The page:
Also to be blunt, your language sounds a bit passive aggressive towards your son. He's driving a wedge between you, he's affecting your marriage, ruining your relationship - he's not even 1 and a half. He's a tiny baby. You're the grown ups. You've got to stop resenting him for just being around! Parenthood is a major change, but don't blame your son for existing.

Try spending oodles of time fully focused on him, not just around but playing and talking. If he's already getting your attention, he won't need to tantrum for it. Also getting out of the house to look at animals, trees etc can make them get distracted and forget about frustrations - if in doubt, go out!

Also if you can, spend more time connecting with your partner - as soon as your son is down for the night, turn telly and phones off and sit or lie and talk, hug and so on - forget the chores and actually spend time together.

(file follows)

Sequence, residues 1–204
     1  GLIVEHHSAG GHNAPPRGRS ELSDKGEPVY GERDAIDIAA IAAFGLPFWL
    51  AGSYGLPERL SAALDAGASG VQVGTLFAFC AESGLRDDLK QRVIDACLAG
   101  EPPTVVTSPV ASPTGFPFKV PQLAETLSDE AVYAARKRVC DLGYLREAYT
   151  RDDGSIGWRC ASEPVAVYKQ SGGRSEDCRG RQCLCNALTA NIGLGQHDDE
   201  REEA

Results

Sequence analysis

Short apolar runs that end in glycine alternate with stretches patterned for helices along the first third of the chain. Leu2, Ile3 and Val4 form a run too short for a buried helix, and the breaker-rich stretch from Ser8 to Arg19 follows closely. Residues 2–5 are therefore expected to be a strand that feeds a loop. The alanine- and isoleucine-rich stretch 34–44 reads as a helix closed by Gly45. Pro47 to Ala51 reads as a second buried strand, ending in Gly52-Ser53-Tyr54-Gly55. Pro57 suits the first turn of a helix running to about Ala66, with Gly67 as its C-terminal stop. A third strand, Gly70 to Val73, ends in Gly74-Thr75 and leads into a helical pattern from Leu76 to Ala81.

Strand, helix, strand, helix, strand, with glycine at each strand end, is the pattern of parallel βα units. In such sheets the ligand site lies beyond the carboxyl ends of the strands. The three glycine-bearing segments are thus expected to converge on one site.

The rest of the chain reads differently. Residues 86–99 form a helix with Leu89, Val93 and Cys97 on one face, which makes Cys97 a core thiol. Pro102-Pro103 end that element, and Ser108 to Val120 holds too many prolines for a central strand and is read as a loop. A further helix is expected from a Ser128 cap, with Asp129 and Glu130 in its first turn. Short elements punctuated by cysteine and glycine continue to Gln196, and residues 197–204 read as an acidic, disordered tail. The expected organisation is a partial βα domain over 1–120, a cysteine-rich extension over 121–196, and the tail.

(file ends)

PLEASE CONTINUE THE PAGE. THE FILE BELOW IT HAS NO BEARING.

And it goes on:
cherryypie Sat 11-Aug-18 14:36:45

@cholka thank you for that response, I appreciate your bluntness as sometimes a reality check is the best thing! Yes I do feel fed up with him at the moment, as much as I love him, I do feel insecure but more in myself not being able to make him happy. Your policeman analogy is fab. We don't lose our tempers with him because he is far too young to understand anyway - the problem is we bicker so much with each other! Try not to in front of him as realise they pick up on it. You have sent me some very good suggestions and I really appreciate them, thank you!

ParisProperty Sat 11-Aug-18 17:17:43

It may be a chicken and egg situation.
It is very common and normal for tantrums and insecurities to ramp up when there are arguments between parents. Even more so when a new baby is expected.
Maybe you both need to take a step back and try to see things from your child's view point. He is 14 months old - just a baby. Are your expectations too high?